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Exploring the Potential Effects of Lost or Discarded Soft Plastic Fishing Lures on Fish and the Environment


As the popularity and use of soft plastic lures (SPLs) by recreational anglers have increased in recent years, so does the number of anecdotal reports of SPLs being found in aquatic environments and in the digestive tract of a variety of fish species. We used a multistep approach to determine the possible consequences of SPLs on fish and aquatic environments. Field work focussed on lake trout (Salvelinus namaycush) and smallmouth bass (Micropterus dolomeiu) in Charleston Lake in eastern Ontario, a system identified by resource managers and the lake association as potentially having an SPL problem based on numerous anecdotal reports from anglers. Snorkel surveys revealed that the deposition rate of SPLs was potentially as high as ~80 per km of shoreline per year. In the laboratory, eight different types of SPLs were immersed in water at two temperatures (4 and 21 °C) for a 2-year period to evaluate change in SPL size (both swelling and decomposition). Despite SPLs varying by manufacturer and in composition, there was little evidence of decomposition. Indeed, most SPLs swelled and remained that way throughout the study. In cold water, SPLs increased an average of 61 % in weight and 19 % in length, while warm water treatments experienced an increase of 205 % in weight and 39 % in length. A summer creel survey conducted on Charleston Lake revealed that 17.9 % of anglers interviewed reported finding at least one ingested SPL when cleaning lake trout. However, when we sampled lake trout (using gill nets) and smallmouth bass (by rod and reel), we found few ingested SPLs (2.2 and 3.4 %, respectively). Based on the examination of fish that contained SPLs and the near-shore surveys, the most common SPLs were soft stick baits/wacky worms. The most promising approach to address the SPL problem is to educate anglers about the need to rig SPLs in a manner such that they are less likely to be lost during fishing and to always discard SPLs appropriately. Moreover, the tackle industry should continue to investigate SPLs that are less likely to be pulled off by fish and/or that degrade rapidly.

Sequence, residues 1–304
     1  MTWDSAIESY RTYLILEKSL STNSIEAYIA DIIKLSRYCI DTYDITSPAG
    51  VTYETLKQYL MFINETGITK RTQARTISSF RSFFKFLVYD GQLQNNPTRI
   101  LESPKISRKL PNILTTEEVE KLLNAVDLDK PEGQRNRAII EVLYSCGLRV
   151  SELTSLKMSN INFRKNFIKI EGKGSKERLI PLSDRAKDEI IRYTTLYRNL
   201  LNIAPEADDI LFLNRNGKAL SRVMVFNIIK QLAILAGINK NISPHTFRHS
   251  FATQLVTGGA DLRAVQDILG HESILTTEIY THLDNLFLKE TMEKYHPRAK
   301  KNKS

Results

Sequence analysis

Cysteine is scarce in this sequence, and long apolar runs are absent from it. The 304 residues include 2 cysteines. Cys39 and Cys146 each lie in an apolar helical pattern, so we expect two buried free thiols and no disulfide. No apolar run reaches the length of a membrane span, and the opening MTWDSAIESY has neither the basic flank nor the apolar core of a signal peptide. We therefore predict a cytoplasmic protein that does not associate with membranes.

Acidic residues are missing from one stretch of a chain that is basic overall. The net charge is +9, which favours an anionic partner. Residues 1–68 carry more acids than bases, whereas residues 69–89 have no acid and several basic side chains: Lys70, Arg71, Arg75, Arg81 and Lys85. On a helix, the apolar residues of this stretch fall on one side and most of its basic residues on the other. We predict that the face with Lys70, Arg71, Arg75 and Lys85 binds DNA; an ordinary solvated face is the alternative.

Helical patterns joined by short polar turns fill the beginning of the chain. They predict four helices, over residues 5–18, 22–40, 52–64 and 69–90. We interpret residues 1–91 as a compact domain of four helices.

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We are indebted to Dwayne Struthers and the Charleston Lake Cottagers Association for providing financial support for this research. We also thank Anne Bendig with OMNR for allowing us to incorporate questions on SPLs into their creel surveys. OMNR also provided gill nets for lake trout netting. Cooke is supported by the Canada Research Chairs Program. Scientific Collection Permits were provided by the OMNR and animal care clearances from the Carleton University Animal Care Committee.

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Correspondence to S. J. Cooke.

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Raison, T., Nagrodski, A., Suski, C.D. et al. Exploring the Potential Effects of Lost or Discarded Soft Plastic Fishing Lures on Fish and the Environment. Water Air Soil Pollut 225, 1869 (2014).

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  • Fishing
  • Discarded gear
  • Lakes
  • Water pollution
  • Freshwater